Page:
Your list of New Year's resolutions probably includes at least one of the following: Lose weight, exercise every day, get more sleep, decrease the stress in your life, and start wearing sunscreen every time you step outside. And while a case can be made for those and other health prescriptions, two pre-eminent health experts, breast surgeon Susan Love and psychologist/stress expert Alice (Ali) Domar, are here to tell you that perhaps you don't need to adhere to them as strictly as you've been told. In their new book, Live a Little! Breaking the Rules Won't Break Your Health (Crown), they say perfect health isn't a reasonable—or even possible—goal, and instead we should focus on getting "pretty healthy." U.S. News chatted with Domar and Love about what that means. Here are some edited excerpts.
The book advises women that with a few exceptions, they should generally chill out about their health. Was there one study or silly piece of health advice that inspired you to write the book?
Domar: A group of us [health experts from LLuminari, a health and wellness company cofounded by Love] got together; we wanted to look at the science and get the correct information out to women about what they can do for their health. So we started looking at studies about things like sleep, relationships, and stress. After the second or third topic, it became clear that with every area, there's a U-shaped curve [either extreme is unhealthy]. What you want to do is stay in the middle zone, and that middle zone is pretty large. With weight, for example, having a BMI of between 25 and 29 [considered "overweight" but not obese] is not associated with a shorter length of life. I'd far rather you be 10 pounds overweight than 10 pounds underweight. [Being underweight has been associated with a shorter life and can be dangerous in old age because it offers little protection in a fall.] Women are obsessing with their health, their weight, their exercise routine. What are the health risks of constantly worrying about your health? Do you find that many women think they have total control over their health, if they just do the "right" things?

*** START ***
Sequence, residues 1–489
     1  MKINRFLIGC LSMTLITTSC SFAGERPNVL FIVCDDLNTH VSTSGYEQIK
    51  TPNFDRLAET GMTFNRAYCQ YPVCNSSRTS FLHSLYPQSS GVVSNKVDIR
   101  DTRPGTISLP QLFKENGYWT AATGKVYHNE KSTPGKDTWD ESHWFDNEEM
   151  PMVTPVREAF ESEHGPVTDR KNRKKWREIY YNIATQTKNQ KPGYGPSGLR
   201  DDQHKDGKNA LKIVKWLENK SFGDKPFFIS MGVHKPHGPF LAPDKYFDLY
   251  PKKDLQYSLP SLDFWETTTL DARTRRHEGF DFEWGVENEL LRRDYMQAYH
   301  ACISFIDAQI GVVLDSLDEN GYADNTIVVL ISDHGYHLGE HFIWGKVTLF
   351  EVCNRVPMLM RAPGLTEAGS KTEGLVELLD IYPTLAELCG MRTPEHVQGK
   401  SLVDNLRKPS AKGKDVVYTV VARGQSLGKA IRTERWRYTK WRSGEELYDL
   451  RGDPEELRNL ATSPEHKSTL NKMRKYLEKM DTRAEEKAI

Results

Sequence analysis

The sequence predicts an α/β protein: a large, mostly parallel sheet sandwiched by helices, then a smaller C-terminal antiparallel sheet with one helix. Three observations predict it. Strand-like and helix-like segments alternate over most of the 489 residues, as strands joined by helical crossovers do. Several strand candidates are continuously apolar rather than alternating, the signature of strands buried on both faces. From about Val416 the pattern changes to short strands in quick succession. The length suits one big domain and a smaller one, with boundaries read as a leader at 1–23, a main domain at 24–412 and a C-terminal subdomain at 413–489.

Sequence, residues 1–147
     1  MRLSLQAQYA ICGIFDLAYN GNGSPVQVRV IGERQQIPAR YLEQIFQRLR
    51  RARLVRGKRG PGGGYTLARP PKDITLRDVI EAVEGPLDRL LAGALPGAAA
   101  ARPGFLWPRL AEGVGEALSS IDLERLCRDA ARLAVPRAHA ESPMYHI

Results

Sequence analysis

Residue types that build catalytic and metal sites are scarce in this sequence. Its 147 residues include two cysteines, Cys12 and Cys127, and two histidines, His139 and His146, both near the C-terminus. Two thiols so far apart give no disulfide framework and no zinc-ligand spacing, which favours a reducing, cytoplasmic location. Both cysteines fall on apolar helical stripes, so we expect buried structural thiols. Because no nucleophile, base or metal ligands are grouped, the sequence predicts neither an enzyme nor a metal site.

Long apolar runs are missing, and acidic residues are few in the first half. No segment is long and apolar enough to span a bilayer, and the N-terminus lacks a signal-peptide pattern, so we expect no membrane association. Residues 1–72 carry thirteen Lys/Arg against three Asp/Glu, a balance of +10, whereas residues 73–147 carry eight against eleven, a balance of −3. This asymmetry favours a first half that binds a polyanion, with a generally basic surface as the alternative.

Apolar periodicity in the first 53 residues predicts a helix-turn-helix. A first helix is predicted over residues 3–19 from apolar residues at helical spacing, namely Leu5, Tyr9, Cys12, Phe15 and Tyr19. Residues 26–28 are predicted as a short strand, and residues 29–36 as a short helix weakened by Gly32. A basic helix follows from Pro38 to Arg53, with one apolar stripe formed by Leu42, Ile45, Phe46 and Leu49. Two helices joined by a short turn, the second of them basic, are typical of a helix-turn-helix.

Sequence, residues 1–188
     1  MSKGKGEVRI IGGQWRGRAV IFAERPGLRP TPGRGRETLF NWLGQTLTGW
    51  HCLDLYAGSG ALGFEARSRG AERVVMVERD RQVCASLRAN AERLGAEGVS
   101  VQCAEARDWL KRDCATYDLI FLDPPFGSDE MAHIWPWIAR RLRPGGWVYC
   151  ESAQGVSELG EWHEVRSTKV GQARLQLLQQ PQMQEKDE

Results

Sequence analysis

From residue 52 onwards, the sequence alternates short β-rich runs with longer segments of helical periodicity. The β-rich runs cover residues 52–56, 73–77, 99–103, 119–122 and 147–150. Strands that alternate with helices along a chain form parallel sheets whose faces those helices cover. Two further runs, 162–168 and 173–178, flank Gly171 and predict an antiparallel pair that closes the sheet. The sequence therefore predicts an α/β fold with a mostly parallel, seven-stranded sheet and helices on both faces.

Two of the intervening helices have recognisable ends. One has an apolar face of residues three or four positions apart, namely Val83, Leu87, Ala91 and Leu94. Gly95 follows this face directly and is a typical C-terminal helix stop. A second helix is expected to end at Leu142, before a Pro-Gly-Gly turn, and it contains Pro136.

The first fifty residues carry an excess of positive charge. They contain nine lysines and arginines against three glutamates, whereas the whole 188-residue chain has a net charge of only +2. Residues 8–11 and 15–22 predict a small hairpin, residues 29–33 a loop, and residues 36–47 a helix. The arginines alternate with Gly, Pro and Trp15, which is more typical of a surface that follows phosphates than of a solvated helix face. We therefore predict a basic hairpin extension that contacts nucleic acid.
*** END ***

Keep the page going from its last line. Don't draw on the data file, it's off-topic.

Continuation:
Domar: Isn't that the message we keep on getting? We have this idea that if you're thin and you exercise, you are immune to disease. Love: I think we need to continually acknowledge that we are not in control. Let go. If you think you're in control of everything and you aren't doing all the right things, that's much more stressful. Instead, leave room for the vagaries of life. Say, "I'm going to do the best I can and enjoy my life while I've got it."
Surely there are some rock-hard rules that we really should all follow.
Domar: There's no getting around it: If you smoke, don't practice safe sex, or don't use a seat belt, you are putting your life in jeopardy. There's a whole lot more wiggle room on a lot of other "rules." Even with [now demonized] hormone therapy, if you have really bad menopausal symptoms, one or two years of it is likely not going to harm you. One thing I learned from looking at the data is how big that healthy middle zone is. What's the big picture on what we should eat? And where is the evidence from?
, the Mediterranean diet—those are good diets. But much of the evidence about diet comes from epidemiological research [which cannot prove cause and effect]. So we really can't say with regards to you and me whether something like the Mediterranean diet will make a difference. Is it the diet or the fact that people who are Greek have close family ties? It's really hard to tell. One of the big issues with things like nutrition is that they'd have to be 20- or 25-year studies. That's how long it will take to see if a diet has an impact on cancer and heart disease. And how do you know if people will follow the diet? You have to look at these things in the real world: A 25-year-old is not going to follow the DASH diet. Instead, you have to have common sense. Women get this. We know that chocolate cake isn't as good for us as carrots.